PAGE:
Importance of CORE Membership

CORE is committed to the belief that: “Two are better than one because they have a good return for their labor.”

As a model of care, we understand the importance of collectively representing a unified voice in advocating for the needs of children and families from hard places. It will take effort and determination on the part of many to inform, educate and change the long-term child-welfare bias against the use of congregate care in serving children and families.

Membership recruitment and team building is critically important in order for our voice to be heard. Collectively we must stand together in solidarity. As many are aware, the last minute passage of the Consolidated Appropriations Act of 2018 was loaded with legislation not passed through the routine legislative process. After the government was initially funded through a series of five temporary continuing resolutions, the legislative pressure to pass the budget was hurriedly accomplished in a matter of days. In the process, over 2,000 pages of laws were added as an omnibus spending bill. The final funding package –the Consolidated Appropriations Act, 2018, was enacted on March 23, 2018.

One of the provisions added to the omnibus spending bill was the prohibition for Title IV-E dollars to be used for the care of children not requiring treatment services in anything other than a foster family home or kinship care arrangement.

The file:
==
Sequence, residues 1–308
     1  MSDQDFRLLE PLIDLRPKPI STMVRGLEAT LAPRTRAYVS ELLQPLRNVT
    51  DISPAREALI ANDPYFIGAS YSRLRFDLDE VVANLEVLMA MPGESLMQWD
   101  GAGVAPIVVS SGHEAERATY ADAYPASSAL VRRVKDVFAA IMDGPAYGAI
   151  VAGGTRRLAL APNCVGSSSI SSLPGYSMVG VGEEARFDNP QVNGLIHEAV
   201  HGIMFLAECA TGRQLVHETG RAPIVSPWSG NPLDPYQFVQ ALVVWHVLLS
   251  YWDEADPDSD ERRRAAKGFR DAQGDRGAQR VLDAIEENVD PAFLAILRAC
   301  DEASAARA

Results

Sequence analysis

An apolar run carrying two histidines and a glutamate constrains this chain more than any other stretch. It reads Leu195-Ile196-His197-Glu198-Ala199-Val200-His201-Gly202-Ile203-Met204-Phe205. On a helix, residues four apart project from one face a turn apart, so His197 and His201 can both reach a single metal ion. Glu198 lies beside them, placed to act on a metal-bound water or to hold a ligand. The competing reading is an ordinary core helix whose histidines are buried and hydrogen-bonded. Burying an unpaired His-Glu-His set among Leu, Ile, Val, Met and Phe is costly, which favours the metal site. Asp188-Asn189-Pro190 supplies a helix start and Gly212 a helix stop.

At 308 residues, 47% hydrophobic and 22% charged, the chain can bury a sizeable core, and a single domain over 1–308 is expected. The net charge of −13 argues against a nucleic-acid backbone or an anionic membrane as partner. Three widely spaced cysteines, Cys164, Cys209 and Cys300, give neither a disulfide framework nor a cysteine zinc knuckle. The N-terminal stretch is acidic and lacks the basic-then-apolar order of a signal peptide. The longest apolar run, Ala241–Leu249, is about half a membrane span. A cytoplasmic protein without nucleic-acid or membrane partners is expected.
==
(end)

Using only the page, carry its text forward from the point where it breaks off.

Touted as the most comprehensive change in child-welfare services in decades, the Family First Prevention Services packet included the aforementioned prohibition of use of IV-E dollars.

Some members of the Coalition of Residential Excellence will be negatively impacted by this change in child welfare spending. The vast majority of our membership will not be directly impacted because they are not relying on State or Federal revenues to fund their programs. However, the impact of the legislation is significant.

It subtly suggests there is no value is residential programs providing non-treatment related residential care for children. Consequently, we must be alert to future threats that carry with them the potential to further eliminate or modify the range of services that member agencies provide children from hard places.

Eron Green

I believe CORE offers value to its member agencies by being a national voice for those of us with residential childcare programs. CORE is a professionally run organization that listens to and communicates with its member agencies on critical advocacy issues that we face. We must stand together and CORE plays a vital role in this occurring.

Eron Green, President, South Texas Children’s Home
Steve Harrison

It reassures me that CORE keeps a close eye on the potential legislative hurdles that our institutions might have to jump to remain viable for our children and families. I have neither the time nor the expertise to ferret out the nuanced details of complex legislative action and maneuverings, but with CORE in our corner, I know I will be informed of the important issues at play.

Primarily because of the unique nature of our missions in working with children and youth from tough home situations, CORE provides the information, the training, and the camaraderie that residential institutions like mine find invaluable – and that we can’t find anywhere else.

Steve Harrison, Executive Director, New England Kurn Hattin Homes for Children
CORE-Coalition of Residential Excellence

Join CORE today!

CORE is open to boarding schools, residential charter schools, children’s home, youth ranches and other residential education-based programs.